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Robotic Exploration

PostPosted: Wed Oct 28, 2009 2:29 pm
by Non Sum
Far too much time, research, and budget is being wasted on the human element of space exploration. Just as deep undersea exploration has largely gone over to remote and robotic technology, so should exploratory field research in the even more inhospitable conditions found on alien astral environments. Granted, there is a major public relations bonus in placing humans front and center in any ambitious off-Earth project, and that can translate directly into larger budgetary grants. But, the potential for exciting discoveries, and their increase in frequency, should also serve to grab the public's attention, and at a more consistent level.

I am happy to see that NASA has not lost sight of the potential for unmanned exploration, and is even pursuing new approaches in remote and robotic vehicles. Perhaps, the ongoing cuts in their funding is actually helping to make this agency, not only leaner, but also much more meaner in terms of getting more done for less--with the emphasis on 'getting more done,' which is exactly where The priority should ultimately lie.

This excerpted from a recent NASA blog, found at: http://www.nasa.gov/topics/solarsystem/features/armada20091027.html

Wolfgang Fink, visiting associate in physics at the California Institute of Technology in Pasadena says we are on the brink of a great paradigm shift in planetary exploration, and the next round of robotic explorers will be nothing like what we see today.

"We are departing from traditional approaches of a single robotic spacecraft with no redundancy that is Earth-commanded to one that allows for having multiple, expendable low-cost robots that can command themselves or other robots at various locations at the same time."

In this mission scenario, an orbiter would circle Titan with a global view of the moon, with an air balloon or airship floating overhead to provide a birds-eye view of mountain ranges, lakes and canyons. On the ground, a rover or lake lander would explore the moon's nooks and crannies. The orbiter would "speak" directly to the air balloon and command it to fly over a certain region for a closer look. This aerial balloon would be in contact with several small rovers on the ground and command them to move to areas identified from overhead.

"We are basically heading toward making robots that command other robots," said Fink. "One day an entire fleet of robots will be autonomously commanded at once. This armada of robots will be our eyes, ears, arms and legs in space, in the air, and on the ground, capable of responding to their environment without us, to explore and embrace the unknown,"

Re: Robotic Exploration

PostPosted: Mon Nov 23, 2009 4:15 pm
by arising_uk
The problem with this is how would we 'control' such entities? I also 'worry' that if this is the way to go then 'others' may have done it and the thought of 'fleets' of autonomous alien 'robots' floating around does not fill me with joy. Especially if they need to replenish their own 'stocks' to proceed with their missions.

Re: Robotic Exploration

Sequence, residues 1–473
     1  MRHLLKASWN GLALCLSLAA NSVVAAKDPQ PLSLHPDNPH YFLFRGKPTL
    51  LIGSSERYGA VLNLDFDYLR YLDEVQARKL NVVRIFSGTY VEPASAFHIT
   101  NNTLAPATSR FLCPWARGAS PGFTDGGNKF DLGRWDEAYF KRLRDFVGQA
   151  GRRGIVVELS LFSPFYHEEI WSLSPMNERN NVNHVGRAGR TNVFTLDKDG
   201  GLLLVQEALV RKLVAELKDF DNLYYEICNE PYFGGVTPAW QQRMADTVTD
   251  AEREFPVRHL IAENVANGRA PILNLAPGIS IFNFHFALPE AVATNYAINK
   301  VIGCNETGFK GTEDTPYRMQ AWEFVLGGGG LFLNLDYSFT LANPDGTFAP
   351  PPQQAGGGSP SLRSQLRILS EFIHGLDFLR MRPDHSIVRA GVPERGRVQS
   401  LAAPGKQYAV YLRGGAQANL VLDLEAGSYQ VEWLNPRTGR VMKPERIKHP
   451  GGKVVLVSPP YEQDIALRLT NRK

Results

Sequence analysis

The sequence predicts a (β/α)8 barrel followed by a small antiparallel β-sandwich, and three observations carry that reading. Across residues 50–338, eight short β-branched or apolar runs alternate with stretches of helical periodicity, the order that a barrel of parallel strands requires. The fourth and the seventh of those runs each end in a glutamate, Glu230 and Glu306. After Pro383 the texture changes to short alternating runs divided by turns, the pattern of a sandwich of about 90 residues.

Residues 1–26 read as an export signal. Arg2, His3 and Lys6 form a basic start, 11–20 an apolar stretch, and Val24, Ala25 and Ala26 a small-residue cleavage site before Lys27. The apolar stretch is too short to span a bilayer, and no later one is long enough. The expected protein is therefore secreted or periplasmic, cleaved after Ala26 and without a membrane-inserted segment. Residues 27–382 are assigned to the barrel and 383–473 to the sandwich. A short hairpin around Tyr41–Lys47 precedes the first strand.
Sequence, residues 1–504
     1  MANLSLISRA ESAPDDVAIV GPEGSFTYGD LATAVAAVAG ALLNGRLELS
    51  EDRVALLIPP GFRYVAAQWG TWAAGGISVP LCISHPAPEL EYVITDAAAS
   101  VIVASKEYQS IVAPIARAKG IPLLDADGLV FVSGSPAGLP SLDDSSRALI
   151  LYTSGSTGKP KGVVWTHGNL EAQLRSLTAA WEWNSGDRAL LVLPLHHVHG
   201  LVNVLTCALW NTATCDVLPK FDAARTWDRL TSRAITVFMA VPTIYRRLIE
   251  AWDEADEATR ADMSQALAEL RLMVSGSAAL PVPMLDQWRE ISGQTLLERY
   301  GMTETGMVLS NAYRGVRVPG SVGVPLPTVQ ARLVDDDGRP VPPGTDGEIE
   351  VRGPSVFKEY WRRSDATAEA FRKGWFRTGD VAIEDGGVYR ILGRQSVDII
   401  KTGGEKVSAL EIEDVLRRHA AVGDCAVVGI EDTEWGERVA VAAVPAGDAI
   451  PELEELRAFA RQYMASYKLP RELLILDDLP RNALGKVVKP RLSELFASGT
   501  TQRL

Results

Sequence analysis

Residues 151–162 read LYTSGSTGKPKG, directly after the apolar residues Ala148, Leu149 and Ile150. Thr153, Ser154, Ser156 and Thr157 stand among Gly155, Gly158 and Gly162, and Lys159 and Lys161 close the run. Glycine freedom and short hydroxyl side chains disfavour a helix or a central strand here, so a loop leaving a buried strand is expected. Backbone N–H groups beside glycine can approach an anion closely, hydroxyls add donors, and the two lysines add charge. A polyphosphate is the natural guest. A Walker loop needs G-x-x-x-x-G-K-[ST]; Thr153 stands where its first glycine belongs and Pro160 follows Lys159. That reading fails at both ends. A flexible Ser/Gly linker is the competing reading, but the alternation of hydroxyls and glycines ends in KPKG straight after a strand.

PostPosted: Fri Jan 01, 2010 6:48 pm
by RickLewis
It would be even scarier if these robot explorers could manufacture copies of themselves using local resources. On the one hand that would be a very efficient way for a species to remotely explore the universe. On the other hand, it would basically be a kind of virus!

Re: Robotic Exploration

PostPosted: Thu Sep 09, 2010 4:52 am
by JamesG
Not to mention try to come "home" again, possibly as an invader (Star Trek Movie plot line).

But yes, in most places its not only more convenient/efficient to use robotic systems, its the only way possible. Such as on the surface of Venus or the before mentioned Titan. Ironically, it also provides a rational for manned space too. The great distances in space means the time lag makes teleoperation tedious or impractical. Its easier and more time efficient to have the operators near by. Also, humans will still be better at fixing malfunctioning machines and adapting or improvising repairs and work a rounds as well. At least in the short term until we all bow down and welcome our new robot overlords. ;)

Re: Robotic Exploration

PostPosted: Thu Sep 09, 2010 7:33 am
by Intranaut
There is a midpoint for manned and robotic exploration though! (I'd consider about the midpoint anyway)
There are plans for not-so-near future to send people to Venus. Though they are not convicted criminals and that is not their death sentence. The idea is to have remote controlled robots on the surface and in the air being controlled by humans in an orbiter, getting rid of the lag issue like we see with the Mars rovers.
I think the robots would benefit, at least until they can really take care of themselves, from having people nearby for those quick fixes or solutions to serious issues.



Personally though I'd very much like to visit Titan myself.

Re: Robotic Exploration

PostPosted: Thu Sep 09, 2010 6:27 pm
by JamesG
Intranaut wrote:Personally though I'd very much like to visit Titan myself.


It might be an interesting place to visit, but you wouldn't want to live there. Very cold and gloomy. Kinda like London. :|

Re: Robotic Exploration

PostPosted: Thu Sep 09, 2010 10:41 pm
by Intranaut
Oh goodness gracious no :P
But it would be pretty cool to see the hydrocarbon lakes and riviera at the north pole.